Is the iPhone 4 a scam? Did Apple knowingly make an imperfect device, one which is practically designed to drop calls, and then expect owners to cough up extra cash to buy the fix?
The answers to these questions are a resounding yes, if you ask Houston attorney Danny Sheena, who recently filed a national class-action lawsuit against Apple in Galveston federal court.
On behalf of all iPhone 4 owners, Sheena claims that Apple knew its phone antennae design was flawed, causing calls to drop, but proceeded to market anyhow without warning customers or providing a remedy other than buying more Apple gear.
Here is the apparent problem: two antennae on the iPhone 4 wrap around the outside of the device and connect along the side of the phone. When a user holds the phone, however, his fingers cover the antenna connection, causing the call to be dropped. Sheena says that by the end of the first day of sales on June 24, reports of the antenna problems were all over the Internet.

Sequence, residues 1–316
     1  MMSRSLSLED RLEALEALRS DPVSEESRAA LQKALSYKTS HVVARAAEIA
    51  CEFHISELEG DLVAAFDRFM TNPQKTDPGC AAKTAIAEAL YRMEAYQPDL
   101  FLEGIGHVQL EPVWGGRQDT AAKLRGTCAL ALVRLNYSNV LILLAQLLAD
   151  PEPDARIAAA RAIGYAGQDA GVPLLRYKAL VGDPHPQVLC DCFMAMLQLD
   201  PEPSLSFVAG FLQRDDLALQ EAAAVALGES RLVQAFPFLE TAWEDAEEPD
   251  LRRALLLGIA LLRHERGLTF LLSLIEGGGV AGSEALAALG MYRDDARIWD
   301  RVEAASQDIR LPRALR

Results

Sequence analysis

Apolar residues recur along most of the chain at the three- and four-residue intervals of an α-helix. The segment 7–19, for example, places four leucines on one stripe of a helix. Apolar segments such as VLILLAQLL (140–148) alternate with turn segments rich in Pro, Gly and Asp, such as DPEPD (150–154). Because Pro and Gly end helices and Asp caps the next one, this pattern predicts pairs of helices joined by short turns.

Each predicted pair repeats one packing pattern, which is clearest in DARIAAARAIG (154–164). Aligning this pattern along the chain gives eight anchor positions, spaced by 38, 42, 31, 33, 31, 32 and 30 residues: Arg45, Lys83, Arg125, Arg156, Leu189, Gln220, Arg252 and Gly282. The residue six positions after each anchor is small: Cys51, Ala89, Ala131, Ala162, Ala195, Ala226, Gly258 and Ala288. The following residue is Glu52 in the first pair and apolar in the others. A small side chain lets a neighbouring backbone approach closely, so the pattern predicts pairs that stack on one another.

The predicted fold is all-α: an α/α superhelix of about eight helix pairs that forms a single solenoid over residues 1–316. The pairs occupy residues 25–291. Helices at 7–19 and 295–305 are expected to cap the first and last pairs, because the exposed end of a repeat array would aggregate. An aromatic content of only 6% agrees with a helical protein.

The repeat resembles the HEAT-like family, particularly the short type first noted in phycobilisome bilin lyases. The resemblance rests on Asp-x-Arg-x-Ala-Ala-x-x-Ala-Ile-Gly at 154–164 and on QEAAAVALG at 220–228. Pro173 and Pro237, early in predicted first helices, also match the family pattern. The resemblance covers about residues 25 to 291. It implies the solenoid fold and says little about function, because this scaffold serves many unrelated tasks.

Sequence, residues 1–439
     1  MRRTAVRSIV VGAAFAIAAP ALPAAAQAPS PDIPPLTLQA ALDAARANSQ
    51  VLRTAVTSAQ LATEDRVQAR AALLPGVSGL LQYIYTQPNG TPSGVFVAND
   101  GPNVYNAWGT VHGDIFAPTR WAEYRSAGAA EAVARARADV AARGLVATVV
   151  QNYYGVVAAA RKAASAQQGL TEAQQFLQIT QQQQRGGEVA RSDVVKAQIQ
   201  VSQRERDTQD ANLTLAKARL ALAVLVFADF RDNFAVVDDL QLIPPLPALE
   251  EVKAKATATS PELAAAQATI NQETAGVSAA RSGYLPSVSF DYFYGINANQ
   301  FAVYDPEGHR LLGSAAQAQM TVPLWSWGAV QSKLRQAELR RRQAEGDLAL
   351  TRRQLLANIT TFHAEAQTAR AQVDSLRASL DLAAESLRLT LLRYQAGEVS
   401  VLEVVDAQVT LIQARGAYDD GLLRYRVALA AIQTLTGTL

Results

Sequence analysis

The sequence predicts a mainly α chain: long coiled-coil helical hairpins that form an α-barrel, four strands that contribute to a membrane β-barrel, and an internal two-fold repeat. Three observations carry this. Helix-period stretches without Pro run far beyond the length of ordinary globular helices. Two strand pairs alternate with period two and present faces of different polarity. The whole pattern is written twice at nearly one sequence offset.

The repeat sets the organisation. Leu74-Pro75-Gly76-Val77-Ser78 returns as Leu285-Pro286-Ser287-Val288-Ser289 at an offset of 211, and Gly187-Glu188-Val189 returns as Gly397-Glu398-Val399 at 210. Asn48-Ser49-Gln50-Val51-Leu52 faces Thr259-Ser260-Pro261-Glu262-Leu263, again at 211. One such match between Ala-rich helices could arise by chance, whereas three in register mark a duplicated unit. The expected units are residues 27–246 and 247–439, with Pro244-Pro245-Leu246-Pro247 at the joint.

"They're selling like mad," Sheena tells Hair Balls, "but everybody one way or the other is going to find out that if you hold it naturally, somehow you're going to get cut off. It's absolutely a shame."
What's more, claims Sheena, Apple then proceeded to fault the alleged victim.
"Rather than issuing a recall," according to the lawsuit, Apple "has opted to blame consumers for holding the phone in a manner in which cell phones are normally held."
Sheena says that Apple has offered the solution of purchasing a rubber "bumper" case, which protects the antennae from being directly touched, for an additional $29.95, to remedy the defect.
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"Apple says you have to pay to get the fix," he says, "and we say, 'No.' It's a scam."
The hope, says Sheena, is that every one of the more than a million people who have purchased the iPhone 4 will either get reimbursed or get the fix for free.
Apple "knowingly concealed the defect in the iPhone 4 until it became clear by overwhelming proof presented in the media that the iPhone 4 was defective," the lawsuit states. "By engaging in the conduct ... [Apple] is guilty of fraud."
We'll keep our "i" on this one.